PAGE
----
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All in One: Top 10 All-Mountain Skis 2014

Take on whatever Old Man Winter sends with these all-terrain rippers


There is virtue in versatility. For skiing, it’s called the quiver of one, a single, all-mountain ski that adapts to the mountain’s constantly changing terrain, snow conditions, skier traffic and weather. Many manufacturers today are designing a large portion of their line this way—good, if not great, at doing a lot of things. A quality all-mountain ski should be able to float in new snow and bounce through deep powder like a giddy bumblebee. But it also needs to cut a turn, hold an edge and inspire confidence on groomers, through crud and hardpack after the snow has stopped falling.  

The majority of all-mountain skis have a few similar characteristics. They have relatively wide shoveled tips that don’t dive in powder; instead, they plane and float more easily through soft snow, breakable crust and variable snow conditions. These tips can also set the effective running edge of the ski closer to its center. This allows for easier turn initiation and the ability to pivot or smear a turn. Traditional camber is effectively shortened, but it still provides the ski significant edge hold on hard snow.

Many ski tails are also slightly upturned to mirror their tips, sometimes called twin tips, and allow the ski to release out of the turn more easily, for a user-friendly ski with a surfier feel, which is ideal for negotiating tight trees and steeps, and for quickly dumping speed.

Most of these skis are geared for the vicissitudes of Western ski areas, well beyond the Mississippi. These areas see more regular snowfall that creates myriad conditions—deep snow, sunny groomers, refrozen boilerplate and more—that are best met with all-terrain capability and, when possible, wide-open speed. Still, you’ll be wishing you had a pair next time you’re under the wrath of a big nor’easter this winter.

Rossignol Soul 7
The light swing weight of the honeycomb tip and tail make this forgiving ski a breeze to ride. Built to make the best of any conditions, the new Soul 7 can float with the best, bust through crud, and enjoy carving trenches in spring corn snow. 136/106/126
$700; rossignol.com


Wagner Custom Model
Wagner Custom Skis don't have models, per se; their skis are catered to you. Using their skier DNA program will help you get the optimal ski for your specific wants and needs. This custom model has an all-Aspen core with titanal structural layers for a stable ride, strong edge hold, and spry feel on your feet. Slightly rockered tip and tail add to its all-conditions versatility, while the extraordinarily durable bases make sure they last for a long time to come. 143/108/126
From $1,750 (this one is $1,995); wagnerskis.com

Dynastar Cham 107
Stout nose, progressive sidecut and a narrowing pintail afford the Dynastar 107 a lot of all-mountain versatility. The design allows the skier to enter and finish the turn with optimum ease, whether it’s bottomless pow, steep chutes or icy hardpack. 136/107/122
$850; dynastar.com


Blizzard Scout
The Austrian-made Scout is an ideal ski for those who like charging around the resort, but don’t mind shouldering their skis to reach the higher hanging fruit. Stripped of some metal, the Scout remains a spry all-mountain gun that enjoys backcountry as much as riding chairs. 134/108/122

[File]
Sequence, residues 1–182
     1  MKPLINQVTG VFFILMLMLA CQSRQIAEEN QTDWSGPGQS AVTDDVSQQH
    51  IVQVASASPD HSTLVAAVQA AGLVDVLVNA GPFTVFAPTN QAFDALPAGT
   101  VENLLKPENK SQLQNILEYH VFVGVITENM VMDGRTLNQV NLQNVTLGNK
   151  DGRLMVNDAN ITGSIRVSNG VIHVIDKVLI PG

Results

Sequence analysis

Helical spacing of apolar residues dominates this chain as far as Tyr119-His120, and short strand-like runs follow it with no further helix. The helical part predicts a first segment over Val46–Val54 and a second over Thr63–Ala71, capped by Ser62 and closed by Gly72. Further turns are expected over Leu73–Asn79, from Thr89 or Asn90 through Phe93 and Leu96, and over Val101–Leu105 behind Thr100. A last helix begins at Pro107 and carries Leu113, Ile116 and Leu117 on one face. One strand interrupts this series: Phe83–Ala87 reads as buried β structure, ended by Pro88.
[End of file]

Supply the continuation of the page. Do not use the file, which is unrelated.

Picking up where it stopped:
$750; blizzardsportusa.com


Atomic Charter
Karuba wood core shaves weight and price without compromising performance or credibility. The torsional rigidity is bolstered with titanal stringers for enhanced energy transfer and high responsiveness. 130.5/100/122.5
$549; atomic.com


K2 Annex 108
The overhauled Annex is a playful all-arounder that prefers softer snow. The progressive rocker and revamped shape make it a blast to slash turns in tight trees and on steeps, while still maintaining stability and control at higher speeds. 139/108/127
$700; k2skis.com


Line Sick Day 110
For this super playful ski, Line uses its famed “capwall” construction, which allows for a materially tapered tip and tail (capped) to shave ounces for better swing weight, while the sidewall underfoot give the Sick Day 110 that smooth, stable confidence at speeds, on hardpack and in the steeps. 142/110/125
$700; lineskis.com


RAMP Sports Groundhog
Made in Park City, Utah, RAMP’s Groundhog features a handsome sidewall construction, with a bamboo core and a sheet of Kevlar for dampening. Its proprietary Razor™ edge sidecut maintains supreme hold on hard conditions. At 100mm underfoot, the Groundhog shines on harder snow surfaces, while the progressive rockered tip helps keep it afloat on deeper days. 131/100/119
$950 (*$619 if bought direct from RAMP’s site); rampsports.com


Black Diamond Zealot
Black Diamond’s revamped Zealot is torsionally stiff, with titanal laminates for extra dampness at high speeds. The traditional camber underfoot and low-profile, early rise tip and tail work in concert to float in soft snow, but allow the skier to turn on a dime, dump speed or get on edge instantly over the course of a single run. 135/110/123
$850; blackdiamondequipment.com


G3 ZenOxide C3 105
The ZenOxide is constructed with 100 percent stitched carbon laminates than cover a paulownia wood core for a super responsive, ultra-light ski that will handle the rigors of inbounds charging, but will excel on big backcountry missions, too. 131/105/123
$850; genuineguidegear.com

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